Tim Winton's beloved epic comes to the Malthouse stage in a production that doesn't always deliver on its promise
When Heraclitus said that you can’t step into the same river twice, he may as well have been talking about the Swan as it flows into Perth, the setting for Tim Winton’s seminal novel Cloudstreet. Of course the Greek philosopher didn’t care which river it was; he was making a point about change, about the impermanence of experience. He also said that everything flows, that nothing stays still, and again he could be summing up the novel’s central theme. Twenty years have passed since Malthouse’s previous production of Justin Monjo and Nick Enright’s stage adaptation of Cloudstreet, and so much has changed, so much water – not to mention blood and guts and rage and grief – has flowed into and out of the tributaries of our cultural landscape, that it feels like an entirely different work, the answer to a question we couldn’t even articulate back in the late ’90s.
Winton’s novel is a cultural touchstone, and the original stage production, directed by Neil Armfield, is embedded in the theatrical memory. Which makes Matthew Lutton’s decision to program it – with small but significant changes to the script and a design aesthetic that seems diametrically opposed to Armfield’s – a bold and powerful one in its own right. The key shift is in the casting: not only is it racially diverse, the actor playing Fish Lamb, the golden child who drowns at the beginning of the play but who is revived with major neurological trauma, is played by neuroatypical actor Benjamin Oakes. In some ways, this is a challenging of the source material; Winton’s novel has a tendency to exoticise both its Indigenous characters and Fish’s disability, and Lutton, it could be argued, is redressing an imbalance.
But it is only partly successful. The boosted presence of Indigenous actors throughout is welcome; it isn’t only diverse for diversity’s sake, it deepens and layers the theme of disparate mobs coming together, the house as synecdoche for nation. An emphasis on the history of number 1 Cloudstreet, its brief use as a mission for “native girls, taken from their families”, and the addition of Noongar language in the script, seems sound in theory but the effect is often confused and contradictory. By amplifying the First Nations presence as “other” to the inhabitants of the house, it cuts against the racial diversity inside that house.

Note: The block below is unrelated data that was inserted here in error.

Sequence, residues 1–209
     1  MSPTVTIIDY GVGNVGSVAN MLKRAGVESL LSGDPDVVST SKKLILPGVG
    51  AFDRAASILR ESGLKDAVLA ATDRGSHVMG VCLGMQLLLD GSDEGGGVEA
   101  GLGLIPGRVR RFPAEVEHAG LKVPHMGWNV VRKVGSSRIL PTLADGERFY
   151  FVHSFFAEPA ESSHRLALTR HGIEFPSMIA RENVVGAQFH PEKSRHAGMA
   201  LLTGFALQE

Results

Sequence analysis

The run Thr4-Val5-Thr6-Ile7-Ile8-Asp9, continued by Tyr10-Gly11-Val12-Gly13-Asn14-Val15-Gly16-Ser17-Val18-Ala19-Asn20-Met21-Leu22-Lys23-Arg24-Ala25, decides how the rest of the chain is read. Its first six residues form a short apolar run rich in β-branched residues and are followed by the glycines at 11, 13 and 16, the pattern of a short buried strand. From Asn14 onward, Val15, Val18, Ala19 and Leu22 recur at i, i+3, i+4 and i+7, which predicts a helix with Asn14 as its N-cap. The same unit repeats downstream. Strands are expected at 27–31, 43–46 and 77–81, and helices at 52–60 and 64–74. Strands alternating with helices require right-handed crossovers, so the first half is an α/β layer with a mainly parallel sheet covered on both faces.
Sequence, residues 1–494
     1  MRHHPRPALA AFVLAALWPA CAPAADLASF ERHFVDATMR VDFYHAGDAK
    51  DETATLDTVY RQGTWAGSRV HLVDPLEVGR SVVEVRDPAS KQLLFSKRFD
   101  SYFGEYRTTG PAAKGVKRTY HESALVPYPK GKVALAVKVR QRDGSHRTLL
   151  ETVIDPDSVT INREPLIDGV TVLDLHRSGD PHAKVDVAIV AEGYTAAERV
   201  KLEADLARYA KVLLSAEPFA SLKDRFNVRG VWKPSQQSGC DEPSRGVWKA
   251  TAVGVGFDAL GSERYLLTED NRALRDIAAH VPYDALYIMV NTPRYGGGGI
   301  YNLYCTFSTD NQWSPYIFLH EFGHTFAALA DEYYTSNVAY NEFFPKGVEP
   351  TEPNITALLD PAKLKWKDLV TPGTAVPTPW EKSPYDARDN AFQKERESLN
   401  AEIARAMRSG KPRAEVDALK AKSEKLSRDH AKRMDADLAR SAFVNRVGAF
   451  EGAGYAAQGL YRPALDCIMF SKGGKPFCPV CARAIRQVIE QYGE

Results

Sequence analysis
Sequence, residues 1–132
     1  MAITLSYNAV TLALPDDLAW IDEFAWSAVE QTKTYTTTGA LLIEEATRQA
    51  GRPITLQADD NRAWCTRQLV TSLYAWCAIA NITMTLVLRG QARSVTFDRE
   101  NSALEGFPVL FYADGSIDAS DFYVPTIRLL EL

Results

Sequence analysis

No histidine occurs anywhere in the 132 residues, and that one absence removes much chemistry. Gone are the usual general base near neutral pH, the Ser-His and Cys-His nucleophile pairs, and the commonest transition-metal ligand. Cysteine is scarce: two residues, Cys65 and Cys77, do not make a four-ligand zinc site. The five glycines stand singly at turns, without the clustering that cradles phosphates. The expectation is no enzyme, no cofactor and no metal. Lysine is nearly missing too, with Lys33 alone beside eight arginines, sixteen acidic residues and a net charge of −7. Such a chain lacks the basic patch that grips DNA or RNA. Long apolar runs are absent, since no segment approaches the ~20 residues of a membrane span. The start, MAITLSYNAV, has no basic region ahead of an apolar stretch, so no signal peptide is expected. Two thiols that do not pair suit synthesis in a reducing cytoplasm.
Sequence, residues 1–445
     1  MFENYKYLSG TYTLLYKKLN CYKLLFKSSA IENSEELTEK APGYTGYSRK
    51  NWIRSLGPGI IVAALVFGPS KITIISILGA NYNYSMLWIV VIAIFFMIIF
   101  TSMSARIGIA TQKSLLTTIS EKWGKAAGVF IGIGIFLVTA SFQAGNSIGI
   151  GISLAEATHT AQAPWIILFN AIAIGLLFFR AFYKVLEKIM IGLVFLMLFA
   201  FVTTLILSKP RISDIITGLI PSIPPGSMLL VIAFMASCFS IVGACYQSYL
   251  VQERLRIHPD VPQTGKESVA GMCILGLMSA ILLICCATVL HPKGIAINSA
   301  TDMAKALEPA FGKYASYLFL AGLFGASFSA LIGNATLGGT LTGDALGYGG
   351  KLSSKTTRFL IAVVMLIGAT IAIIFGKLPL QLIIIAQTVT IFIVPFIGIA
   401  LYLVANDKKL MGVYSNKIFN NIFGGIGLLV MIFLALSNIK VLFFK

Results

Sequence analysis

The casting of Oakes also doesn’t quite deliver on its promise. An autistic actor who has worked with the extraordinary Back to Back in Geelong, he is endearing and attentive, a convincingly-loved and vital member of the Lamb mob, but his performance never hits the expansiveness the role requires. The relationship between the brothers Fish and Quick Lamb is Cloudstreet’s spiritual spine, and neither actor pulls it off. Back to Back build their shows around their performers, who are also their key creatives; unfortunately that experience hasn’t prepared Oakes to carry a show like Cloudstreet.
It isn’t all loss. Some actors carve career-defining performances from the work, even while others fade into the background. Alison Whyte’s Oriel is a tour-de-force from go to whoa; harried, stringent and cruelly uncompromising, she manages to turn the character’s intractability into something endlessly revealing, as if she is drawing us further and further into the rooms of Oriel’s soul. Natasha Herbert, initially rather one note as the slatternly and gauche Dolly, undergoes a transformation in the third act that is devastating and true, a dam busting over the audience in waves of grief and humanity. As the husbands, Bert LaBonté is his usual offhanded self as Sam, adorable and frustrating in equal measure, while Greg Stone as the more conflicted Lester is sublime (is it us or is this actor getting better and better?). Brenna Harding is the only one from the younger generation who traces a whole life as Rose, even if she has to deal with some major inconsistencies in her character’s motivation.
The set design (Zoë Atkinson) is the production’s greatest obstacle, one it can’t overcome. The house on Cloudstreet, which functions throughout as a central character, is here depicted by three dreary and uncompromising walls in a rusted grey–blue, the outlines of human figures suggesting the shadows of Hiroshima victims as much as Indigenous cave paintings. Interior walls slide endlessly in and out, and water is sporadically introduced both from below and above, but there is so little magic generated it often feels like money down the drain. Paul Jackson’s lighting and J David Franzke’s sound are tediously insistent and overdetermined – sudden blackouts and gunshots might augment drama but they cannot substitute for it.
Maybe, like drugs and sex, theatre’s simply never as good the second time around. Those of us who remember Cloudstreet as it was, with Armfield’s expansive, abstract set and joyous, celebratory lens, will find it hard to enjoy this thoughtful but occasionally leaden revival. Sure, there are things that needed to change, but this recalibration doesn’t always know why, or what they should change into. The inclusiveness is more inclusive, but the broad, fat spiritual rain of revelation fails to fall this time around, and I for one miss it.
|Venue name:||Malthouse Theatre|
113 Sturt St